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July 12, 2005
View audio file details: Interview with Owen Maseko;
Maseko - Biography
by Taurai Maduna
attained independence in 1980. But what does 25 years of independence
mean to the ordinary Zimbabwean? Does it mean standing in a long
queue waiting for a bag of sugar or questioning what has led a black
man to oppress his fellow comrades?
These are just a few of the thought provoking questions scrawled
on the walls of a grimy public toilet in a public art installation
at the just ended Khululeka Exhibition in Bulawayo. Artists and
painters at the National Gallery of Zimbabwe in Bulawayo were encouraged
to present various interpretations of their understanding of Freedom
a Ndebele word meaning "to be free".
On the opening
night of the exhibition, Addelis Sibutha, Regional Director of the
gallery described the exhibition as one that would compel Zimbabweans
to talk about the economic, social and political issues they face
in their everyday lives.
The work of
Owen Maseko a 30-year-old Zimbabwean artist attracted much attention.
Owen chose to depict filthy, public toilets as the only place in
Zimbabwe where, in his view, freedom of expression was possible.
One might ask
why the toilet has become the only place were one can liberate the
Maseko says toilets are the only democratic place left where members
of the public can say exactly whatthey want to say without fear
of retribution. His work includes graffiti with one message asking
why "white people do not queue for sugar?" Maseko says
some white members of the public who saw his work ended up donating
sugar to him reassuring him that they spent hours queuing for the
sought after commodity "just like everybody else".
The artist adds
that one particular woman approached him saying she was inspired
by the message because she realized that there are many so-called
"obvious" things - like queuing - that she doesn't do.
Maseko said he is not against white people but as an artist he reflects
what ordinary people are saying. Zimbabwe has been experiencing
severe shortages of basic commodities causing thousands of Zimbabweans
to spend many hours in queues with the majority being black people.
The artist also
acknowledges that he himself has been tempted to use toilet walls
to express things he's heard people talking about, mostly political
sentiments that people are generally too afraid to voice.
of different political affiliations often use the same toilet, it
doesn't matter if you support ZANU PF or MDC or any particular party."
He said there isn't a toilet for ZANU PF or MDC. Toilets are democratic
spaces open 24hrs a day to any member of society." I have never
seen anyone writing in a public toilet and no one has seen me writing
in a public toilet", laughed Maseko. It appears that toilets
are one of the few leveling grounds when it comes to Zimbabwean
what has led to Zimbabweans to express themselves on toilet walls?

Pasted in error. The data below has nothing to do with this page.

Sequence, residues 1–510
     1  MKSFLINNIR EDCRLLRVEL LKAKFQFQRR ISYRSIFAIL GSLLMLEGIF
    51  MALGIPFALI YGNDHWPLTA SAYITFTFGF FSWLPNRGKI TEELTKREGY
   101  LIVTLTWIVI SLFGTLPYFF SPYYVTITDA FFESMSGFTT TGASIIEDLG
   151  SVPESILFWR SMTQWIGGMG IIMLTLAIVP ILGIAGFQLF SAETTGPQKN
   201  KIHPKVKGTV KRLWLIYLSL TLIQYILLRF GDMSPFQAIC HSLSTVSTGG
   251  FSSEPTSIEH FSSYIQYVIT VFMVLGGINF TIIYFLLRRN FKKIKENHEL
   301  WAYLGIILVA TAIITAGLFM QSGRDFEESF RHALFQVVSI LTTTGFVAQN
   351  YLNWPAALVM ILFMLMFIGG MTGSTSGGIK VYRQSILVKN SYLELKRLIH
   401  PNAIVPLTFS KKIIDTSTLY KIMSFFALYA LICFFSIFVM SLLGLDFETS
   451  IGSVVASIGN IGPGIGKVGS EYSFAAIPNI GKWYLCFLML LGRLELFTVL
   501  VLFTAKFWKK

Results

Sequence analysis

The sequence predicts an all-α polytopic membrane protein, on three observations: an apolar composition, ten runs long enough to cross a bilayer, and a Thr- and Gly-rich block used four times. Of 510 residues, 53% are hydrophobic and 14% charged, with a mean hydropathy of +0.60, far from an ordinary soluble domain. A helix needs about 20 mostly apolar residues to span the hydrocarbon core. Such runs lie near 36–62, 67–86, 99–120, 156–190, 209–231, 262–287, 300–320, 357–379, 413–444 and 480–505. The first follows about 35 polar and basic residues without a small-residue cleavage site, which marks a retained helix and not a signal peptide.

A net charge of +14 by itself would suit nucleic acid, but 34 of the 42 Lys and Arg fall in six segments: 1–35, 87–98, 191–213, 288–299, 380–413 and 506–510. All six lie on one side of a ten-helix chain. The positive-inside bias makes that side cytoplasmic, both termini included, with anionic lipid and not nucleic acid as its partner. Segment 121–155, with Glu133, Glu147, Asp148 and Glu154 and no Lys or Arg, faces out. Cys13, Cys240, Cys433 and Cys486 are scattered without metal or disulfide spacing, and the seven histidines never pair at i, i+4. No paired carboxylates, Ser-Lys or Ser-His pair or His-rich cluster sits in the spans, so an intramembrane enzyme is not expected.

The Zimbabwean government has created laws such as the Public Order
and Security Act (POSA) and the Access to Information and Protection
of Privacy Act (AIPPA). These laws have made it difficult for the
people of Zimbabwe to express their views openly without fear. The
medium that had become the voice of the voiceless was the independent
daily paper, The Daily News. But this paper was shut down on September
11, 2001. To date the Zimbabwean government has closed other newspapers
namely The Tribune and The Weekly Times.
attained independence the people thought the black government was
the messiah and life was about to change. However, the black government
seems to oppress the very same people it purports to have liberated.
of Owen Maseko's graffiti reinforces this: "Black man is full
Maseko said the people and the events that happen around him inspire
him in his art. One ofthese events is depicted in the painting "One
fool at a time". The artist said the painting is about politicians
who disagree and shout at each other in parliament. Instead of discussing
how to help their constituents, he likened the events in parliament
to people who want to use one public toilet all at the same time.
To make matters worse, the toilet is not working and is overflowing
A former Zimbabwean
opposition MP, Roy Bennett was recently released from jail. He had
been incarcerated because of assaulting a fellow parliamentarian
in a heated debate in parliament. The topic of the debate was Zimbabwe's
controversial land reform programme. The assault took place after
the Minister of Justice and parliamentary affairs Patrick Chinamansa
accused Bennett's ancestors of being thieves.
While an exhibition
like Khululeka is open to many interpretations, Maseko adds that
viewers' interpretations of his paintings are shaped by an individuals
background and understanding of art. The artist said he was pleased
with the public's response to his work because "it's a comforting
feeling to have such an over whelming response - it's a sure sign
that you really managed to get the message across."
Some other issues
that the exhibition focused on included HIV/AIDS, religion, the
plight of street children and women. The exhibition was strengthened
by the participation of a variety of artists such as Alexander Lees,
Sibonisile Ndlovu, Sikhulile Sibanda and Voti Thebe amongst others.
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